At the bottom of Lahontan Reservoir northeast of Carson City in the Nevada desert lie the ruins of the Williams stagecoach station where on May 6, 1860, a terrible thing happened that started a war between whites and three Indian tribes from Nevada and Idaho.
James O. Williams owned and operated the station on the Carson River which included a saloon and general store — assisted by his brothers Oscar, 33 and David, 22. Patrons at the station that day were Samuel Sullivan and John Fleming — both 25 — and “Dutch Phil.” Brother James O. was camping a few miles upriver.
Suddenly, nine Northern Paiutes burst in to rescue two Paiute girls, 9 and 12, being held and molested in a root cellar. The Williams brothers were accused of the abduction.
When James returned the following day, he found the station burned to the ground and the bodies of the five men present during the attack tortured and mutilated.
Other sources say the renegade Indians attacked without cause.
More killings followed.
James Williams buried his brothers and found 13 settlers killed in homes across the river. Later, bodies of unarmed prospectors were found murdered in Pyramid Lake, and at the Cold Creek Pony Express Station, the innkeeper was killed and his stock run off.
Sixty miles away, John Gibse and seven others were also slaughtered, with more atrocities occurring at Honey Lake and on the Truckee River.
The people at nearby Virginia City were panic- stricken. Word spread quickly throughout the area. Locals called for revenge, and soon 105 vigilantes were organized from Carson City, Virginia City, Genoa and Silver City.
They chose Major William M. Ormsby as their leader, because of his military experience in Nicaragua, when he served with renegade American mercenary William Walker who invaded the country, took over and ruled for about a year and a half before being ousted.
Now Ormsby would face angry Indians.
They were angry because in 1859 the huge Comstock silver lode was found near Virginia City and Carson City. A flood of miners rushed in to get rich — playing havoc with the environment.
They cut down piñon trees for firewood — destroying a Paiute food source of pine-nuts. Hunters and trappers went after big game, fish and waterfowl, while ranchers took over fertile lands and cut off Indian access to sources of nuts, roots and seeds.
Then a freezing stormy winter set in and the Indians faced starvation.
The Territorial Enterprise newspaper reported sympathetic whites were offering the Indians food and supplies but they refused to eat the food, fearing that it was poisoned.
Violence was inevitable, and the Pyramid Lake War of 1860 was about to take place. It would be the greatest conflict between Indians and whites in Nevada history.
A large band of Northern Paiutes, Bannocks and Shoshone met near Pyramid Lake to discuss what to do about the settlers. Most demanded war — but not Chief Numaga of the Pyramid Lake band.
He warned the others, “They will come like the sand in a whirlwind and drive you from your homes,” he said. “You will be forced among the barren rocks of the north, where your ponies will die; where you will see the women and old men starve, and listen to the cries of your children for food.”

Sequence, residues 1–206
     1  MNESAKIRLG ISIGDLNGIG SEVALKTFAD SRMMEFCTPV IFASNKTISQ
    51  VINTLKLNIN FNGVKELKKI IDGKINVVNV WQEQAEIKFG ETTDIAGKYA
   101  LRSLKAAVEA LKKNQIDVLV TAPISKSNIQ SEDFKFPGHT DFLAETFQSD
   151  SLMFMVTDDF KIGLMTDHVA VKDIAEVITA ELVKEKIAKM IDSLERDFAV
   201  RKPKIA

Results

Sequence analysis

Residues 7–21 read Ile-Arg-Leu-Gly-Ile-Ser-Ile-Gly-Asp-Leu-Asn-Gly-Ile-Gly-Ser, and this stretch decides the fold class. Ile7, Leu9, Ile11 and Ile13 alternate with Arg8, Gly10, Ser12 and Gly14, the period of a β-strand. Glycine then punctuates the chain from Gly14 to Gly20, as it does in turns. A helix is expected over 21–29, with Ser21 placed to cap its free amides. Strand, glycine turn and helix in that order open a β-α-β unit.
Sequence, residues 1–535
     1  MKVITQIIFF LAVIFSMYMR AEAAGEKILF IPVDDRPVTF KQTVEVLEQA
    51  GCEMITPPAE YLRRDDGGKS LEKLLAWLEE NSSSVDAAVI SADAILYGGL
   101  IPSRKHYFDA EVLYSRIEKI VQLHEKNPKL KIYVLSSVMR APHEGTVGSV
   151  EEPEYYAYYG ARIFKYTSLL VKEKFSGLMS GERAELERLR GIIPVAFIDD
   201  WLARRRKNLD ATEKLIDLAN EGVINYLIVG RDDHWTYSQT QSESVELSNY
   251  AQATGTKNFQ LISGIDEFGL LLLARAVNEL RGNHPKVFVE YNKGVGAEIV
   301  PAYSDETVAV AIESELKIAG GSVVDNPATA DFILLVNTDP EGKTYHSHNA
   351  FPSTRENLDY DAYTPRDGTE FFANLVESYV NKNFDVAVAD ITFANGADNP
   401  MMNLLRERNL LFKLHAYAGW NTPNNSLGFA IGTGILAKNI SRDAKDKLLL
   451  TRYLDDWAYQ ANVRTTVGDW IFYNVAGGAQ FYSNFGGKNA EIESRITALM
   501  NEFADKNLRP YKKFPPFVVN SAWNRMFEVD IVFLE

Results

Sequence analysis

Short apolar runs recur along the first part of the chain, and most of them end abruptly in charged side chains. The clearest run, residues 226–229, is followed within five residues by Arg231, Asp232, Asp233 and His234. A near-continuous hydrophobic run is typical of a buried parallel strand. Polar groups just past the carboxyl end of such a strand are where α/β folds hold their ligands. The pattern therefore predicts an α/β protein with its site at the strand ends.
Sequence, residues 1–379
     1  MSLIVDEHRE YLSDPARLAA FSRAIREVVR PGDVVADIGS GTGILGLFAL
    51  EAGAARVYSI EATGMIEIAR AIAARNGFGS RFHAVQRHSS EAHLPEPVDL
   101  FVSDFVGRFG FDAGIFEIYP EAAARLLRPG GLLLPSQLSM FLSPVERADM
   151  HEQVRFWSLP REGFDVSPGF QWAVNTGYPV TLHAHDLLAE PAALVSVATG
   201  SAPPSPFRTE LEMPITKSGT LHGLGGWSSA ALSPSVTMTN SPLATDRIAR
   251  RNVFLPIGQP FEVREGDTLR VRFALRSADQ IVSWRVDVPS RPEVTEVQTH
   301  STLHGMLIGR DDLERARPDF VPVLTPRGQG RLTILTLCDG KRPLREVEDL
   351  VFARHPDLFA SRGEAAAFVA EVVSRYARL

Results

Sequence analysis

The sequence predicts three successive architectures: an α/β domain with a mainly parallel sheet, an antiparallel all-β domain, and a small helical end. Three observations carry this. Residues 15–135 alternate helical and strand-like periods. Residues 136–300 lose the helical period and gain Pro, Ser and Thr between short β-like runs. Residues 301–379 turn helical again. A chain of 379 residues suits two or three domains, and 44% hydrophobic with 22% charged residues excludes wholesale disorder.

As Numaga was speaking, word came that a mixed-race Bannock named Mogoannoga had led a raiding party on Williams Station, killing five whites. Numaga said, “There is no longer any use for counsel; we must prepare for war.”
Less than a week later, Maj. Ormsby's poorly armed and badly mounted ragtag army left Buckland Station near Fort Churchill and headed for Williams Station. They buried the other three victims and then proceeded to the Truckee River and Pyramid Lake.
On May 12, they encountered a small party of Numaga's band and gave chase. The warriors led them into a ravine on the banks of the Truckee River southeast of Pyramid Lake where up to 300 Paiutes trapped them with no escape. It was a slaughter.
Seventy-six men were killed and many wounded. Ormsby died from arrows in his stomach and face. The rest escaped and were chased for some 20 miles by the Indians. Only the dark of night saved them.
More whites were killed in that single battle than in any other encounter with Indians in the far West during the previous 69 years. Indian losses were few.
That was the first Battle of Pyramid Lake. There was more fighting to come.
When news reached the settlers and miners, they were struck with fear, but vowed to continue the battle. As new fighters were being recruited, stagecoach and Pony Express service over part of the Central Overland Mail route was halted.
A makeshift homemade wooden cannon was constructed, only to blow up the first time it was fired. An incomplete stone hotel in Virginia City was converted into a fortress, mines were shuttered and many settlers fled the area.
The telegraph office clattered a message to California for help. A distinguished former Texas Ranger Col. John C. Hays, founder of Oakland, answered the call and headed for Carson City. He was joined by 544 volunteer soldiers from California and the Washoe Country, followed by 207 regular Army soldiers from Fort Alcatraz under command of Capt. Joseph Stewart.